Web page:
Hack of a job
Can the world’s problem be solved with the right line of code?
Many hackers certainly think so, and this is how hackathons began—marathon coding events where creative thinkers brainstorm ideas and create new projects within a day or two. These events have been so successful that the U.S. government wants in on the action with programs like the Open Government Initiative. And a wave of national nonprofits like Code for America and Hack for Good have also made hacking a civic duty.
“Hacking” consists of disrupting long-standing industries, and establishing new approaches to old problems. Since the inaugural Hack4Reno in 2011, Northern Nevada’s hacking culture has taken off, infiltrating other movements like agriculture and the arts.
This year’s event will delve further into community projects.
“We’ve got an exciting spin on it this year,” says Colin Loretz, who organizes the event along with Dylan Kuhn, John Jusayan and Jesse Anderson.
Loretz is the co-founder of tech startup Cloudsnap and the founder of the Reno Collective (now housed in the newly renovated space on 100 N. Arlington Ave.). He’s passionate about building Reno’s startup culture, hosting beginner’s coding classes at the University of Nevada, Reno and Reno Collective. He also helped organize Startup Weekend Reno earlier this year, and spoke at the first TEDxUniversity of Nevada, Reno event.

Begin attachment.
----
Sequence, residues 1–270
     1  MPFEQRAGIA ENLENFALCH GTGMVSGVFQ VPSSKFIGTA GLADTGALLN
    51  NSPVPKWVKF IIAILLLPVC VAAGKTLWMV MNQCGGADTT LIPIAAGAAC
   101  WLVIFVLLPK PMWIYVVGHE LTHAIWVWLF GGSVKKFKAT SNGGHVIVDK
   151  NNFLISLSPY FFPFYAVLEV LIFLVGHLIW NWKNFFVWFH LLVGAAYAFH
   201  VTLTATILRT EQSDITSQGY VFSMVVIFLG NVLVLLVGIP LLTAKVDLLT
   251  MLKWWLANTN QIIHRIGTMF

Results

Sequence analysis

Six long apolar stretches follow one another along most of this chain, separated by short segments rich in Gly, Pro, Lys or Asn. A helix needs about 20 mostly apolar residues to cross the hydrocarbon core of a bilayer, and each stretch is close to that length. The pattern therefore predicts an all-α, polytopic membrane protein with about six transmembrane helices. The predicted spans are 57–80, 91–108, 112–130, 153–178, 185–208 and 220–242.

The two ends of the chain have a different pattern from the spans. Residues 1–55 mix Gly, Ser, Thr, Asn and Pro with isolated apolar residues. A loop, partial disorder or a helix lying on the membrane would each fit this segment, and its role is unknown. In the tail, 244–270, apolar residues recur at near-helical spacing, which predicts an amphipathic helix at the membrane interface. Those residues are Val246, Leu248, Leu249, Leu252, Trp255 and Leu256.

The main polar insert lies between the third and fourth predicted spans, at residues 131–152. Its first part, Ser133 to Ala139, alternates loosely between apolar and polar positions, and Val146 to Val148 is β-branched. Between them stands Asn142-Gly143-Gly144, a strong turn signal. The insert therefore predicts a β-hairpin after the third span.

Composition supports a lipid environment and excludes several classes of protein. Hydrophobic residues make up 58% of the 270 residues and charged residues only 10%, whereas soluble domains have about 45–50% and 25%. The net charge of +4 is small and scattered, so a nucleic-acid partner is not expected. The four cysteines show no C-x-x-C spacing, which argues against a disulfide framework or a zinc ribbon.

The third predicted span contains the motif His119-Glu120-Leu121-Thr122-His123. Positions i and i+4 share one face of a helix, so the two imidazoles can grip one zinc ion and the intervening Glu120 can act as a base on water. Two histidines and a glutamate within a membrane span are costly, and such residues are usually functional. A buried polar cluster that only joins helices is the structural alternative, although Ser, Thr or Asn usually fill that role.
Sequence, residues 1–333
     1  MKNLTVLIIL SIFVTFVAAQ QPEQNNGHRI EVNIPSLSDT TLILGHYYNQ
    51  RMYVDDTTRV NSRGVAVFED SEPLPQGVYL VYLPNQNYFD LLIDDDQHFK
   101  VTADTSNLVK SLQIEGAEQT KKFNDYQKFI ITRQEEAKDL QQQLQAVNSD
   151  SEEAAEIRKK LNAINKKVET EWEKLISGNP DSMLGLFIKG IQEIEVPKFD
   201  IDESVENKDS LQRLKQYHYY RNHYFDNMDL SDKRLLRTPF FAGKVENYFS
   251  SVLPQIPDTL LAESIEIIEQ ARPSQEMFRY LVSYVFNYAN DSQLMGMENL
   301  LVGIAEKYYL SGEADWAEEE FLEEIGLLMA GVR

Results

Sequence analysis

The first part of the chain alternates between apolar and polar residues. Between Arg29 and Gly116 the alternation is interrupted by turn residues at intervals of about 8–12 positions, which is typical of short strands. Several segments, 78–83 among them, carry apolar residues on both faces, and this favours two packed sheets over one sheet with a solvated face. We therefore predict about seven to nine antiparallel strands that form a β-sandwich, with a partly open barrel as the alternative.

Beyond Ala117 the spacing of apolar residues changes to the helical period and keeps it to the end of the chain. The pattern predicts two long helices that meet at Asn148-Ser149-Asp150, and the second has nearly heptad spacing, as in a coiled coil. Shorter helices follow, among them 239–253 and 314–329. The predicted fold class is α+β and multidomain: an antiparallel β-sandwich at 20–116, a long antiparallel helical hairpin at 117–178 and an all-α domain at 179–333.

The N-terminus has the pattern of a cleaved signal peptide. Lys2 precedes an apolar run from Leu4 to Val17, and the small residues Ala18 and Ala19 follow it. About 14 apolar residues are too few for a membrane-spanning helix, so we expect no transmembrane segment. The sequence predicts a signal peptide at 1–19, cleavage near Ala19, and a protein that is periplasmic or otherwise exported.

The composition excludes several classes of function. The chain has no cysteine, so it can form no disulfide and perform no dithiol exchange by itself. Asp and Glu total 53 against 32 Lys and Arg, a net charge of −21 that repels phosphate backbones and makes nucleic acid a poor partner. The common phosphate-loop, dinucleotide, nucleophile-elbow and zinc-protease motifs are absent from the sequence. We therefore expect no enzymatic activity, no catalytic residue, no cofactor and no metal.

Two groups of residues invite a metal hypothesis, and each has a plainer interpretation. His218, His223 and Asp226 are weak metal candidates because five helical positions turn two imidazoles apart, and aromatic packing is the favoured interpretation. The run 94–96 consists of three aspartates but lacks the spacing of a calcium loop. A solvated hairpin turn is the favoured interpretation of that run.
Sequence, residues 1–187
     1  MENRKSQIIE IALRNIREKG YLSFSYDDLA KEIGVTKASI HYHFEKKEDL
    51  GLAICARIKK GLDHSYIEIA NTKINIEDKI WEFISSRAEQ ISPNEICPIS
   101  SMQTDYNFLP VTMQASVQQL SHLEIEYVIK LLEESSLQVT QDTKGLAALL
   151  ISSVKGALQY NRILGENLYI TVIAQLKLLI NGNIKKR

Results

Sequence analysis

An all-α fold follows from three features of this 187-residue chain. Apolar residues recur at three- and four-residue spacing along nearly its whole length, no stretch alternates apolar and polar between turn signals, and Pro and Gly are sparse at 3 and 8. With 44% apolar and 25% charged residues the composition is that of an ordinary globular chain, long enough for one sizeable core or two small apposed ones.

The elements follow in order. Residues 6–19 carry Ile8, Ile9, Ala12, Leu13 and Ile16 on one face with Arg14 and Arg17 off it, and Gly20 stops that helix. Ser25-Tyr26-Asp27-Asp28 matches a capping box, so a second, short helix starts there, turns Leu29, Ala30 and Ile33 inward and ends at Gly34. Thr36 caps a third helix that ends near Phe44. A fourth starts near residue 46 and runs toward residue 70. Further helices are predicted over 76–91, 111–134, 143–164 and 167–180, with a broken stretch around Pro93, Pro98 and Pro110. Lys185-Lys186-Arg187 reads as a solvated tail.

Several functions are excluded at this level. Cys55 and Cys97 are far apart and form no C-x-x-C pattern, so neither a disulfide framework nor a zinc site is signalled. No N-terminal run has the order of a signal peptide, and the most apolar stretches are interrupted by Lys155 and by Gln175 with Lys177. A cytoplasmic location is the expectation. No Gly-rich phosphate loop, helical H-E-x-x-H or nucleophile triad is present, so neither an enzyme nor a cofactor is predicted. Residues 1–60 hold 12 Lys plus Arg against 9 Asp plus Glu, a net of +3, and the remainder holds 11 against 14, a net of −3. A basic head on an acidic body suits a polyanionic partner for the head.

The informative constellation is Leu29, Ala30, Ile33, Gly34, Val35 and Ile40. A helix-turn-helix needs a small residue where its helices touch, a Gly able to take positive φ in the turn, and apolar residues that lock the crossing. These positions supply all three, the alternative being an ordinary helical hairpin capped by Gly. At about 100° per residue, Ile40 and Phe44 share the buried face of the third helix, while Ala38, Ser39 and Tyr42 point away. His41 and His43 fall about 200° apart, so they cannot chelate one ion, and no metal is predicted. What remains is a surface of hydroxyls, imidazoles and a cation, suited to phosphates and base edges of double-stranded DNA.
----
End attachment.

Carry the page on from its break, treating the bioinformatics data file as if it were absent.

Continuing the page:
The hackathon begins at 8:30 a.m. on Oct. 5, ending at 4 p.m. on Oct. 6. Participants will work in teams to come up with an idea, and then build a demo to share on the final day. Loretz estimates about 50 people will participate this year.
“We actually are seeing a decrease in quantity of participation but, as cheesy as it sounds, we’re seeing a significant increase in the talent of the participants,” says Loretz. “We saw it last year and we are seeing it even more this year. The best part is that this is not just an event for developers. We’ve had a great relationship with the [UNR] journalism school and many of the top projects over the last two years were made by student led teams from the J-school that were matched with developers on the day of the event.”
There are three “challenges” this year. The first is “Live, Work and Play,” challenging hackers to develop better ways to exchange or find social information, such as an app for restaurants. “Health & Wellness” is centered on community health outreach technology—managing and maintaining personal health issues like asthma and allergies, or a city-wide reminder for yearly vaccinations. And “Civic Minded Hackers” brings in a hardware component, encouraging hackers to rethink public machines like parking meters or traffic sensors. Each challenge offers a $1,000 prize for the winning team.
Loretz hopes the public will follow the hackathon, even if they don’t participate. “We’ll be trying to keep the Facebook and Twitter updated as often as possible during the event,” he says. People can also view the final projects on Sun., Oct. 6, 4 p.m at the Reno Collective.
While Loretz and his fellow organizers are also hackers, they’ll be working as facilitators, ensuring that teams consider the long-term implications of their projects.
“I personally have a whole bunch of ideas for what I’d like to see built,” he says. “But I’ll be moving from team to team throughout the weekend to make sure that everyone has what they need to finish their applications within the weekend and help them think about the life of their application after the Hack4Reno weekend.”